KNOXVILLE, Tenn. (WATE) — More details about the uranium fire that happened in February at the Y-12 complex in Oak Ridge have been released.

According to a Y-12 spokesperson, the fire was contained within one square foot in a place designed for radioactive work under a vent hood with a filter. According to Y-12, chips of uranium metal got hot as the result of ‘rapid exothermic oxidation’ a process that’s akin to rusting.

Workers attempted to extinguish the fire by applying carbon rich material before the Y-12 Fire Department was called.

Officials said there were no injuries reported in the fire, no release of dangerous material or contamination, and no off-site impacts.

When this happened, facility personnel used petroleum coke, a solid carbon material similar to Coal according to the EPA, in an attempt to extinguish the fire, the spokesman said. When the fire was not immediately extinguished, the Y-12 Fire Department was called. This was when the building was evacuated and an emergency was declared as a precaution, according to the spokesperson.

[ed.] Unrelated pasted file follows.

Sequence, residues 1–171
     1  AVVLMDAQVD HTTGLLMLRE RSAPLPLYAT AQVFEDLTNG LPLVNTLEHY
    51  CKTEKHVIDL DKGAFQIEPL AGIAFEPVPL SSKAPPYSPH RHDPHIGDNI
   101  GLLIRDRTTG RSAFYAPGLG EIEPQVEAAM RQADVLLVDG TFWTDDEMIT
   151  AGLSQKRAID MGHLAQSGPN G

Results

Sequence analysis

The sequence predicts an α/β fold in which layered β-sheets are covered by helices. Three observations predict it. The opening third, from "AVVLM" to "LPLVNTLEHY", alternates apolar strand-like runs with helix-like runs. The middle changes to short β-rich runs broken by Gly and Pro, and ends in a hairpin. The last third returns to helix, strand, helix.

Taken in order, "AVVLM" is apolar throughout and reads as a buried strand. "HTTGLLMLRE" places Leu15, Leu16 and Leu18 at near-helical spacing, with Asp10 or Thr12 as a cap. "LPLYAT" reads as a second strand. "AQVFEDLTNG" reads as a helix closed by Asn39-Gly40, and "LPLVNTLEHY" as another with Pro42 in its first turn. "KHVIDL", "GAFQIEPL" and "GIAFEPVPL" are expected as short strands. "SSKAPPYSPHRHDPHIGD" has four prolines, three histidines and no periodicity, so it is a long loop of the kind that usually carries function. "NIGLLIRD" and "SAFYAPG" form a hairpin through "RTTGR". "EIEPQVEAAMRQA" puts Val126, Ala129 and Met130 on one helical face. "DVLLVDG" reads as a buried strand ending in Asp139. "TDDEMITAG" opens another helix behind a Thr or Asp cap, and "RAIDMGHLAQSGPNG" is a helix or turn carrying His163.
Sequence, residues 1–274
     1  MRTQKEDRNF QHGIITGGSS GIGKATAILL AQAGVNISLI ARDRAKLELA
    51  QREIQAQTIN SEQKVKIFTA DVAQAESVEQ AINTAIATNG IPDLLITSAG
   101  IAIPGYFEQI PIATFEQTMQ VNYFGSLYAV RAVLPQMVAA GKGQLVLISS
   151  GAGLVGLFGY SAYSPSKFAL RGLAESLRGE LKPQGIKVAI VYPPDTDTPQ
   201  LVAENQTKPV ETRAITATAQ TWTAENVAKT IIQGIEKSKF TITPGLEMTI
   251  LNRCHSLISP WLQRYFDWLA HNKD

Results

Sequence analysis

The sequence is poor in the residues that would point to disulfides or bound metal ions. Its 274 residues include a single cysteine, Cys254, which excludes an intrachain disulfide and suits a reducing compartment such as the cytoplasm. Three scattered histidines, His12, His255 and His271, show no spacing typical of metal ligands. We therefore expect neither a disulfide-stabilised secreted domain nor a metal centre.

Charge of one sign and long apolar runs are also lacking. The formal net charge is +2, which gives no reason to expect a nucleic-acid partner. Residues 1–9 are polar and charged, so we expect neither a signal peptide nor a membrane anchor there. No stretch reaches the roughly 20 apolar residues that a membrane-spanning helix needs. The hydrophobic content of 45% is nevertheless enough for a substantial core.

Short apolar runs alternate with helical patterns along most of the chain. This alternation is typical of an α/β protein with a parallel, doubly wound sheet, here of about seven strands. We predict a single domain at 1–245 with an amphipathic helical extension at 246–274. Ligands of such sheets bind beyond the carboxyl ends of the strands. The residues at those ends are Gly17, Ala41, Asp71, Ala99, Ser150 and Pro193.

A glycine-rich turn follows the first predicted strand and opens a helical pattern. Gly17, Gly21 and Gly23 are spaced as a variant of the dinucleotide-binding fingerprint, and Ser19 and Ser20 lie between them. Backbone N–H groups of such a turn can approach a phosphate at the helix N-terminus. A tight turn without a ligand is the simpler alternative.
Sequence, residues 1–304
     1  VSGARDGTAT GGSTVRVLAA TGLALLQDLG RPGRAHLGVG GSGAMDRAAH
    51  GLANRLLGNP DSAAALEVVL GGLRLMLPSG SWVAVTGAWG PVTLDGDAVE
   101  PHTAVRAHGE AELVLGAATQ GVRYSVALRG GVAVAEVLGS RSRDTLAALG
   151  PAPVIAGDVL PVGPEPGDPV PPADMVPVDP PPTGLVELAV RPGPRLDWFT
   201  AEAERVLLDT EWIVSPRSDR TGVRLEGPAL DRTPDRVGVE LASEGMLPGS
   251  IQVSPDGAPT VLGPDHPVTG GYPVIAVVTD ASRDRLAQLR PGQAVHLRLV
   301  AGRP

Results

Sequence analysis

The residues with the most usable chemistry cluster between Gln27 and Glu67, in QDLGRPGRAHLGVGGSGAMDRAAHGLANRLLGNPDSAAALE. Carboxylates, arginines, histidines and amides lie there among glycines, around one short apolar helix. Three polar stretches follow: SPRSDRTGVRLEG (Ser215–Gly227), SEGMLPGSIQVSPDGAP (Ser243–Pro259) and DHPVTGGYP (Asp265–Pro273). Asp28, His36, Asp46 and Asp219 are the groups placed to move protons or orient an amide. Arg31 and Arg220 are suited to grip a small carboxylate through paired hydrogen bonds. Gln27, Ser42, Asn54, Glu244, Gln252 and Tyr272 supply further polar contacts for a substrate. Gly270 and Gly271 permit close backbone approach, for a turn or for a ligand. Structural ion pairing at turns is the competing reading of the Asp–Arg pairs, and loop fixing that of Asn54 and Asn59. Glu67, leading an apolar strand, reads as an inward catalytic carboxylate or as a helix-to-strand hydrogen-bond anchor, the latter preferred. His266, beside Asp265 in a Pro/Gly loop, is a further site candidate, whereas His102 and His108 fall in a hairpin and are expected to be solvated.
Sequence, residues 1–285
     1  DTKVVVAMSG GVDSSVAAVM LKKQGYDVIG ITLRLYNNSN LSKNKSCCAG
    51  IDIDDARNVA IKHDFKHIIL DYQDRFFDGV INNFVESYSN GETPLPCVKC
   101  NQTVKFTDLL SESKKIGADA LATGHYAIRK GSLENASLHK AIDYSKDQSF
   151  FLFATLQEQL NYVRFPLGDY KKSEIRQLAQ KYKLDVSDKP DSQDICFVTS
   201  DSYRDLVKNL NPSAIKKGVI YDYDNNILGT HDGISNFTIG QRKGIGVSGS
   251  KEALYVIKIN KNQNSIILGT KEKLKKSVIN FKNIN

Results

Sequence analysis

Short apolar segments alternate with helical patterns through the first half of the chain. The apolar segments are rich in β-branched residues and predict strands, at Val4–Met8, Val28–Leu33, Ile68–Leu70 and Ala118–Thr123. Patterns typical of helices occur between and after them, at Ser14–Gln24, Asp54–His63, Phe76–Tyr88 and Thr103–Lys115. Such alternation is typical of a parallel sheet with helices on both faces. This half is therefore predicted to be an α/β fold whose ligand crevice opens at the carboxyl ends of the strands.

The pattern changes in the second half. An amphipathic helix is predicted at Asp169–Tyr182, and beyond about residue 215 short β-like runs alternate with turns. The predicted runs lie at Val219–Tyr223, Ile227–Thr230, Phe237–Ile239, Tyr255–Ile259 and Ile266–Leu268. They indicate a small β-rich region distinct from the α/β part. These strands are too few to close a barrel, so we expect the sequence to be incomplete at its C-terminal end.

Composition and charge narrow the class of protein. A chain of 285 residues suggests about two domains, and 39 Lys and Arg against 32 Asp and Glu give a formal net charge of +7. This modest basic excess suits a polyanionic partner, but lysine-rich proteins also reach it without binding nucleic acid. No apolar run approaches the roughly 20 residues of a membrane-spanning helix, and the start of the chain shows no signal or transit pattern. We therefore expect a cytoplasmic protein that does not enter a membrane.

After this, firefighters use additional petroleum coke and allowed the oxidation to finish under the coke.

“We are recognized as the nation’s Uranium Center of Excellence. We understand the properties of uranium and have established plans to mitigate those hazards. The hazardous materials with which we work are necessary for our national security missions. Because we know the risks of those materials, we have processes, protocols, and procedures in place. Our conservative response to the February 22 event reflects our highest priority: to protect workers, the public, and the environment.” The spokesman said.

The area where the fire happened has since returned returned to normal operations.